This means that having $1 million today is the same as having $2 million in 24 years’ time, because of the impact of inflation. Considering inflation then, the $360,000 after 36 years in the first example is actually closer to $125,000 in today’s dollars. This is still pretty good, but does prove that the earlier you start saving, the better off you will be.

Oct 17

Economic Outlook – Asia/Pacific

Posted by Peter Marmara-Stewart at Wednesday, October 17, 2018

For all the noise that has arisen out of this region, we remain constructive on its outlook. Looking past the political turmoil (trade tensions, the U.S.-North Korea summit, Japanese Prime Minister Abe’s cronyism scandal), our assessment is that the fundamentals remain intact. Economic growth looks resilient at mid-year after having decelerated in the first half of 2018, and corporate earnings expectations are in an upgrade cycle for many countries in the region.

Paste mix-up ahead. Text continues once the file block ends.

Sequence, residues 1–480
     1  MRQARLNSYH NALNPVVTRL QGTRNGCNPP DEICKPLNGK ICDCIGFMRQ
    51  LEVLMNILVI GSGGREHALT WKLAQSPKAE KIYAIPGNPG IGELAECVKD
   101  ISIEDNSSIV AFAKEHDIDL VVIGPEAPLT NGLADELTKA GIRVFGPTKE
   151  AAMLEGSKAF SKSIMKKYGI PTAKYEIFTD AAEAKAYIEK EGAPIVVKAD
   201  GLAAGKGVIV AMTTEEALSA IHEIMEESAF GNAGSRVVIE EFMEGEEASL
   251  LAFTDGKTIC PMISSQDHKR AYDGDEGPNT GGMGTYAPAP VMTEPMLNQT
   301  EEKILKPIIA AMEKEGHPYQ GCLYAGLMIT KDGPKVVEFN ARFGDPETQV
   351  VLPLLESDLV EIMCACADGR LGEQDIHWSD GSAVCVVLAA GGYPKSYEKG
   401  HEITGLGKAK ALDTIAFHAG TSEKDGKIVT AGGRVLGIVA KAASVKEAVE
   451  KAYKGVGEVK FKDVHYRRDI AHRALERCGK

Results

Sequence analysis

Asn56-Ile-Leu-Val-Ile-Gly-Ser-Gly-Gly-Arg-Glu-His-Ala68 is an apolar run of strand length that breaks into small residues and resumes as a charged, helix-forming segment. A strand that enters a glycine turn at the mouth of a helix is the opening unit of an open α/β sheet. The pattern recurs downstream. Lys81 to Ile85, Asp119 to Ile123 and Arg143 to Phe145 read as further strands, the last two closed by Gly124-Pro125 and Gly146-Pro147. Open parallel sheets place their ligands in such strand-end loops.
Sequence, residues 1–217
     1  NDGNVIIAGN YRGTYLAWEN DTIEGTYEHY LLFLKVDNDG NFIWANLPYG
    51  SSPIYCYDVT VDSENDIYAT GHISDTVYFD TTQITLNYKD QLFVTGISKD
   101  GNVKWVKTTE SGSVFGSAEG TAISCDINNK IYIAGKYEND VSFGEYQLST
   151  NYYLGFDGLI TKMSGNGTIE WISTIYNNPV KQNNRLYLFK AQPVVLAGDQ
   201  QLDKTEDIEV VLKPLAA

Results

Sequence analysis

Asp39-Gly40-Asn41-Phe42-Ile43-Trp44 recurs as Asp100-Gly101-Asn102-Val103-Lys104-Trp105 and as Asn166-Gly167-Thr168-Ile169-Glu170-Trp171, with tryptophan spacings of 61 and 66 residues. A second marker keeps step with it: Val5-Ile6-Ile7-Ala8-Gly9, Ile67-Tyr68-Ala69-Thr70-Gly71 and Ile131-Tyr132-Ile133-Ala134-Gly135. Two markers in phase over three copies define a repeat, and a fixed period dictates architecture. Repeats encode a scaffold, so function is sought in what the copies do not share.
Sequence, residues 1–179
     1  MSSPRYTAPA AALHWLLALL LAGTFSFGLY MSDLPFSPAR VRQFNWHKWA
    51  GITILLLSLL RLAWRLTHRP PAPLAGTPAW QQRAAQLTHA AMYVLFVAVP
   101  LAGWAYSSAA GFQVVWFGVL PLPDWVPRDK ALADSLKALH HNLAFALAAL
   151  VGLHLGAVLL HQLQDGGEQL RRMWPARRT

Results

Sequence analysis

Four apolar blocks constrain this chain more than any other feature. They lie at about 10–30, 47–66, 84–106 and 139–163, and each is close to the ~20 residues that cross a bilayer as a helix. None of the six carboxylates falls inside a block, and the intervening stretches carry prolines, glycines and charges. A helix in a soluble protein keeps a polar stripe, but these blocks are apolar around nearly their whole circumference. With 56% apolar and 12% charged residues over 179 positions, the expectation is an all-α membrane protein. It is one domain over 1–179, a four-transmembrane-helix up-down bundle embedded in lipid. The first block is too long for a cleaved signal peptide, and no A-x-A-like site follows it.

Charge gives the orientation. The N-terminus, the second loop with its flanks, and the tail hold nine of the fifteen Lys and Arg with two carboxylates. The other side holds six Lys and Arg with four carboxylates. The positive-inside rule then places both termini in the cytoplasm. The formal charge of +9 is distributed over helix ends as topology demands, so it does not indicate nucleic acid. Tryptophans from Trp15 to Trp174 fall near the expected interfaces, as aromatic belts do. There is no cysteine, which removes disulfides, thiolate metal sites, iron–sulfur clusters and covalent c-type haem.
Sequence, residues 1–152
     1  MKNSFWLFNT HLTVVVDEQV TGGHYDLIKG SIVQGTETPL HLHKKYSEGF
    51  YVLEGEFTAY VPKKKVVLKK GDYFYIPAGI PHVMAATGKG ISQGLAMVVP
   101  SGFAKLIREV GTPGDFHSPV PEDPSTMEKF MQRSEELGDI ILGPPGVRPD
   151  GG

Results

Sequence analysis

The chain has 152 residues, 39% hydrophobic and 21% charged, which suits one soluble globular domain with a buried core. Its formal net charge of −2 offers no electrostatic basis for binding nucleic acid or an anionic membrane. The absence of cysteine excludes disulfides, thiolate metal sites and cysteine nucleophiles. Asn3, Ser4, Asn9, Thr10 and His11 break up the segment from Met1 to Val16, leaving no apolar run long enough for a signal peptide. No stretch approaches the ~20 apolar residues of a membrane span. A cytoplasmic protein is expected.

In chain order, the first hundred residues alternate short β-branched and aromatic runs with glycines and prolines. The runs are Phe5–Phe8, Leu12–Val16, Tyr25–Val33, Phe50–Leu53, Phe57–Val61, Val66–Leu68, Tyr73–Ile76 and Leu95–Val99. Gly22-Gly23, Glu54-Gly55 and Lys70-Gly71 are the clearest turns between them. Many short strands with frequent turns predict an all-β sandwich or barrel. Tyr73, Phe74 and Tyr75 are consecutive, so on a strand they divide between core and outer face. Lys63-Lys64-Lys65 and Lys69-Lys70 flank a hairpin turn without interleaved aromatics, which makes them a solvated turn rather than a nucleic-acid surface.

Let’s start with China, where concerns around debt and the potential for escalations in the rhetoric around trade negotiations have placed pressure on the equity markets. But looking past the news headlines, we see an economy that continues to be on a good footing. Private investment is growing, and it is likely that we will see an increase in Chinese government spending to further boost activity and confidence. The inclusion of China A-shares in the MSCI indices, according to some industry analysts, will draw an estimated $20 billion of foreign capital into Chinese equities through this year.

Developing Asian economies have managed to weather the storm of rising U.S. interest rates and a rising U.S. dollar much better than their counterparts in Latin America and Eastern Europe. India and Indonesia have each raised interest rates, which we view as a combination of defending the currency and acknowledging economic activity. Overall, the elevated level of trade within the region, combined with our constructive outlook for China, leaves us with a positive outlook for developing Asia.